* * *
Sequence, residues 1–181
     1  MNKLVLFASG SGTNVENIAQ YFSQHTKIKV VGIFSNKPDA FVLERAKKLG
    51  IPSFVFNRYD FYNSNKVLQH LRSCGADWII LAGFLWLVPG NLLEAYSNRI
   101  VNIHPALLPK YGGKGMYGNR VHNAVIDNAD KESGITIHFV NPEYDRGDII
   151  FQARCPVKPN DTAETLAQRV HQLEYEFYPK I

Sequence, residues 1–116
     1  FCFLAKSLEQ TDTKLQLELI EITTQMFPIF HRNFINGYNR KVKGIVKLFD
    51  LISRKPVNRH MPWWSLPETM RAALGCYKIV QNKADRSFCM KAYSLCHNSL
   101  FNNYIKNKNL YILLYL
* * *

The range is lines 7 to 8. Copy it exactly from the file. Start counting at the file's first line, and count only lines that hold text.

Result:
     1  FCFLAKSLEQ TDTKLQLELI EITTQMFPIF HRNFINGYNR KVKGIVKLFD
    51  LISRKPVNRH MPWWSLPETM RAALGCYKIV QNKADRSFCM KAYSLCHNSL